--- Dan Honemann <firstname.lastname@example.org> wrote:
> One thing I've always been curious about is what
> causes the topographical
> map type of lines you see in the blue sky portion of
> this image:
The old JPEG (not JPEG 2000) does code three channels
Y, Cr, Cb. The channels Cr and Cb are downsampled.
Then each channel is divided in blocks of 8x8. For
each such block you do a Discret Cosinus Transform
(DCT), devide each of the 64 resulting values by one
of 64 numbers defined by the quantization table
(higher frequency values are divided by higher numbers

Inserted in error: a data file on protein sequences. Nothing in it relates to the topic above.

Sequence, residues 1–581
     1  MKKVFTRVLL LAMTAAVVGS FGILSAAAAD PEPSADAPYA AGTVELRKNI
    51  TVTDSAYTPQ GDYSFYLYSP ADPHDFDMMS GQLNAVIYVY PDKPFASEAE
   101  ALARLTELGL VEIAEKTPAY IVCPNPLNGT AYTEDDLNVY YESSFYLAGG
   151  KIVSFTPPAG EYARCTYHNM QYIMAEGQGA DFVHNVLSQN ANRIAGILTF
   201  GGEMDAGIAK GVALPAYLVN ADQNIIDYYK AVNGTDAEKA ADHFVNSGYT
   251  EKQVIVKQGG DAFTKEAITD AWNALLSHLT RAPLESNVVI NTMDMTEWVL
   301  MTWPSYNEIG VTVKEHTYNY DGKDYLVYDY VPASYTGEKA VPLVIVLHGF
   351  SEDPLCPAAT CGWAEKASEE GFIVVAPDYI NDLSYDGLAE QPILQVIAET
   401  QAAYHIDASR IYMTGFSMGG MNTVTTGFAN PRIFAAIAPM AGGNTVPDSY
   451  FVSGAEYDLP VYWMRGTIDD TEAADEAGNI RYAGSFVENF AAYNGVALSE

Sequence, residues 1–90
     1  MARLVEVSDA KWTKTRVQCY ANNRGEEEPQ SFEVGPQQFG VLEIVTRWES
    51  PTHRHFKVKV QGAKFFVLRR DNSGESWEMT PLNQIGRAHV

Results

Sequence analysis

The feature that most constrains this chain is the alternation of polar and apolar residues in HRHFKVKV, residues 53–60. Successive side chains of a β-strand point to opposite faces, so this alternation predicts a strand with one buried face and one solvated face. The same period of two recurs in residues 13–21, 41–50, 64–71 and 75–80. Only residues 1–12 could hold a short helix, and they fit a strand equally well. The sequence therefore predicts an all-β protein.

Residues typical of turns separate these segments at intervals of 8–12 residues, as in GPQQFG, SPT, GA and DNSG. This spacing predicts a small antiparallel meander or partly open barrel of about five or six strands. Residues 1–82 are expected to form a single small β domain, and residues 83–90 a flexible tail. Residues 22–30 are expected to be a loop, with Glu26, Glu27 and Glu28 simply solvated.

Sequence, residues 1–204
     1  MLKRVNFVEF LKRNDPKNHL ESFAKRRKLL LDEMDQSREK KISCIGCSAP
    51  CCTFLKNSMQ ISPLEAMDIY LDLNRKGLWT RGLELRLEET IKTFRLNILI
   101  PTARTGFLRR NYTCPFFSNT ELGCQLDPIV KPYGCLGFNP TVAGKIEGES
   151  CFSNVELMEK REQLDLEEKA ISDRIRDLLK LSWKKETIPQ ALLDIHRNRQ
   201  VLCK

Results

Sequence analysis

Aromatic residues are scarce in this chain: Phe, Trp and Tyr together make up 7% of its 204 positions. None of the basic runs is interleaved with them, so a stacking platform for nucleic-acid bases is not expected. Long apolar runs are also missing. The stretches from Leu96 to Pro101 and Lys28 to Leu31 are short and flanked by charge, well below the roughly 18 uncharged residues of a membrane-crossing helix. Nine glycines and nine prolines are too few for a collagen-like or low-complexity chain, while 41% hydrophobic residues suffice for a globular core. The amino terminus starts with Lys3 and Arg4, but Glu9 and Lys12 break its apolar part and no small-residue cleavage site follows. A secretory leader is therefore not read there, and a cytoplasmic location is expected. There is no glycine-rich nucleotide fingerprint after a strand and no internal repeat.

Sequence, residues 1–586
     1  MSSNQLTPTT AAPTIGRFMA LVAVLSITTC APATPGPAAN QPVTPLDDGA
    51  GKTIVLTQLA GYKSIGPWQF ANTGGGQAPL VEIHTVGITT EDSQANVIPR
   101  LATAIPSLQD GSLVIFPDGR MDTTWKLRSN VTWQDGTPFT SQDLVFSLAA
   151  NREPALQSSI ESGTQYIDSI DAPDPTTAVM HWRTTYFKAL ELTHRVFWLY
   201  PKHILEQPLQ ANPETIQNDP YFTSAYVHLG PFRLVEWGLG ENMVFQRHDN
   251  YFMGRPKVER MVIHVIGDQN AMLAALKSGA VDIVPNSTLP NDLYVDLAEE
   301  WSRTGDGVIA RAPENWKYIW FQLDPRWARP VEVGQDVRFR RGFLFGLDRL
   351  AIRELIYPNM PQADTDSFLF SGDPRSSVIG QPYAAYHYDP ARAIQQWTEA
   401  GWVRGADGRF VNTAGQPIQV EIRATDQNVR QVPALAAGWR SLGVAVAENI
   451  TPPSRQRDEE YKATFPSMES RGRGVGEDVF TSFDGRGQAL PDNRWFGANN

then low frequency values), and then Huffman
(arithmetic coding is also possible but is less
common) entropy encoded. This is true for lossy
compression. Now if you do a high compression you
divide the values after the DCT by higher factors so
you get more 0s. Because of that the transition of one
8x8 block becomes less smooth and you see 8x8 block in
the final image.
Do You Yahoo!?
Get personalized email addresses from Yahoo! Mail